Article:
Improper identification of the self or others can lead to enormous disasters
I agree with the idea that there only are two kinds of people, people who divide humankind into two kinds and people who don’t. That means: Don’t divide up people into categories, because that can only lead to hatred. Yet, this unison hides three things. 1. Some people are very dangerous and we must protect ourselves against them. 2. Some very saintly people are no fakes. And, 3. Most people have room to improve themselves.
Lately, I have had some fresh encounters with a couple of wicked people. That helped me finally realize the bigger picture of what kinds we have.
Most people distinguish between two kinds of us, friendly and unfriendly people. Yet, each of those you will find in each of the six below categories.
But, to which category we belong is not written in stone, as I will clarify.
The Jewish Sages identify three categories of people, some with a subdivision, namely: the saintly, the average, and the wicked.
I will suggest six categories, in descending order from pious to evil:
- The complete saints
- The challenged saints
- The average givers, people who’re challenging themselves
- The average takers, people who give to receive
- The holier than thou villains
- The delusional villains
I will now give some details but more in the order of commonality.
The vast majority of any demographic group consists of average people. And in every group, you have all kinds of people. Depicting any group in total as inferior is false and stems from class, racial, or national supremacy.
The Average Givers
Some of us are constantly busy trying to improve themselves. They are quite saintly in their selflessness. They often are not sure if they are good enough and not really wicked. Their main worry is if they gave, give, or will give adequately. They tend to feel guilty about anything they may need or received. They easily forget to say no, depleting their resources. They must learn to be more ‘selfish’ and learn to ask for, accept, and enjoy assistance from others. Most, but not all, of these people are women and gay men.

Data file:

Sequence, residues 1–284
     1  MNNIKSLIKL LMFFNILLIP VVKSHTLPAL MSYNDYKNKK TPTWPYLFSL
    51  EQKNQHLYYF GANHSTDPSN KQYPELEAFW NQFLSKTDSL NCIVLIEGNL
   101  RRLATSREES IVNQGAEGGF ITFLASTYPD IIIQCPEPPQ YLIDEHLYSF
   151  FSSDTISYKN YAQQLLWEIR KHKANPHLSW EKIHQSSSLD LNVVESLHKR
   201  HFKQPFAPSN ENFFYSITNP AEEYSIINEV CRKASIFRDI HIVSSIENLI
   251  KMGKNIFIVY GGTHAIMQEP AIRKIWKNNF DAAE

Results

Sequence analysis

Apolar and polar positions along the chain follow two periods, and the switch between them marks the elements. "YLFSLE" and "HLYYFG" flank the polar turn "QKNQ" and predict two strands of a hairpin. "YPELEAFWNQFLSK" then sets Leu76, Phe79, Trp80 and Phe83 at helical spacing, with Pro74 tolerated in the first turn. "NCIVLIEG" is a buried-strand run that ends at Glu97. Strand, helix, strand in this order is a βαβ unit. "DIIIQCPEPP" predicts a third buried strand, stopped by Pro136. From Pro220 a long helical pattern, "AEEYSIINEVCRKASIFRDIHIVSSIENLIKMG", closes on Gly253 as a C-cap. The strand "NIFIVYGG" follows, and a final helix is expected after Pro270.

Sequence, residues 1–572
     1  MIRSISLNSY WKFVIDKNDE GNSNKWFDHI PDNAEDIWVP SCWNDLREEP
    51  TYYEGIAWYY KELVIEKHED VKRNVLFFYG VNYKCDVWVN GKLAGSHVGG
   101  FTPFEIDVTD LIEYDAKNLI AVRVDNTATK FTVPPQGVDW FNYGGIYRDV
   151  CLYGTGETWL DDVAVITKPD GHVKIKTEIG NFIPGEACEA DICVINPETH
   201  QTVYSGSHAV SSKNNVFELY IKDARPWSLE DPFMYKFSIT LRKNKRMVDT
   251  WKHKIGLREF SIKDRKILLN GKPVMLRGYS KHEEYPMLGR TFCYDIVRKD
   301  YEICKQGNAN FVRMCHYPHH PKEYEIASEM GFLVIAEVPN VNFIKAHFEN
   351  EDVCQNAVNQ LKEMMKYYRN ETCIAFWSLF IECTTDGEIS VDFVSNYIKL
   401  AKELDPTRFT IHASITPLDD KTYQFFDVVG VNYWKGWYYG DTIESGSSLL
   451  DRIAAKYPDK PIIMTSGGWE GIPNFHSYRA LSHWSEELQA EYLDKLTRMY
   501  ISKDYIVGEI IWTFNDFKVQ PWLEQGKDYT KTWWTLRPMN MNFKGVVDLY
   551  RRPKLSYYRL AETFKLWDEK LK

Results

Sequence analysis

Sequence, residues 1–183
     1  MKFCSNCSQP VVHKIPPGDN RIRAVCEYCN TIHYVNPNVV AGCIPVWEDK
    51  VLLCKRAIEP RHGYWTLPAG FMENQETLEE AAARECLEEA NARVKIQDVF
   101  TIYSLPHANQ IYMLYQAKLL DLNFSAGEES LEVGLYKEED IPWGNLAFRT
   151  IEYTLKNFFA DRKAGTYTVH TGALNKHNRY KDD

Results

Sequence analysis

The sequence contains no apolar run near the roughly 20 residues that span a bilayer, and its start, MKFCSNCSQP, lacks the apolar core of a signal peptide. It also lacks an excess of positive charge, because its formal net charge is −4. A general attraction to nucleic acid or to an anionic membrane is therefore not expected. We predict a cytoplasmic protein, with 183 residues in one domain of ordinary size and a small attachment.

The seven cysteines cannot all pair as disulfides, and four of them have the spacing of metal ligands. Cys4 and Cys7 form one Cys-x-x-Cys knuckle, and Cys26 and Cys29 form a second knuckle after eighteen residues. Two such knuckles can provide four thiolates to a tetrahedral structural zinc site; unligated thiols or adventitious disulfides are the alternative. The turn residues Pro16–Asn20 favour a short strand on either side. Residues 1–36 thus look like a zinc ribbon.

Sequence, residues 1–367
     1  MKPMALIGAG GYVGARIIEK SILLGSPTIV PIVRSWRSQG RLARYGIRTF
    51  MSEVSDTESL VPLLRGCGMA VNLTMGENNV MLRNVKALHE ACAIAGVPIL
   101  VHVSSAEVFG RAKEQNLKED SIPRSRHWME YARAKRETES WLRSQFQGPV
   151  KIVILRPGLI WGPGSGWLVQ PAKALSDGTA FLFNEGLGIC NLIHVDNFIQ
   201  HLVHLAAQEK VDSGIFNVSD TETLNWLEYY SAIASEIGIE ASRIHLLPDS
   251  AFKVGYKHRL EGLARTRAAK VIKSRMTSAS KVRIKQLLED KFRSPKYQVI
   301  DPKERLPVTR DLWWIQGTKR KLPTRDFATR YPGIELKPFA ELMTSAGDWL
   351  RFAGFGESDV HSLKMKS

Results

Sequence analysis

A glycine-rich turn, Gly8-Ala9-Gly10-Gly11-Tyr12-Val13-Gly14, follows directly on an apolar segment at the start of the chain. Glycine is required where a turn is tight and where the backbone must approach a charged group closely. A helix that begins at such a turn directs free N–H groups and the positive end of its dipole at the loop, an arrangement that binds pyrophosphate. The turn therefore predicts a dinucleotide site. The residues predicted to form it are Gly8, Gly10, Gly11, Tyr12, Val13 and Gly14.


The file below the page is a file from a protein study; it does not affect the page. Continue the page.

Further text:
They seem to prioritize generosity, reliability, humility, and optimism.
There is nothing regular about them. One by one, they are exemplary.
The Average Takers
These people may give but only to receive. They find themselves OK since they’re normal. They won’t try to improve themselves. They try to improve what they have. For them, quick incentives are jealousy and greed. It is possible to turn them into average givers, but it may take more than much external coaching. At best, most of them will give more to receive more.
All rabbis’ sermons try to do is to make average takers into average givers. Young kids can learn to be givers. Yet, they learn per example, not words.
Cynical average takers cannot (under)stand such saintliness and often feel they must bring them down to look like fellow ordinary, average people.
The Total Saints
These are extremely rare. They are often recognized as exceptional and superhuman. They impress, not because they are Angles, but because they are fully human and still lack any vice. Some stay under the radar of everyone. Yossele, the holy miser is a good example (see the above clips).
Most ‘total saints’ are neither. Some generous givers do so only to receive, are only large average takers. Some are even wicked pretenders without any good disposition. Most observers are too naïve to notice.
The Challenged Saints
They are rare too. They are also frequently recognized as exemplary. Yet, they still may have private challenges. They can see or present themselves as average, but most people are impressed and not fooled. They selflessly give of themselves day and night. They are an enormous help to humanity.
They are constantly upset about their limited powers to contribute and give. Most people will never graduate to that category but we can still be inspired by them to become or stay average givers—which are also great contributors to people around us and humanity as a whole.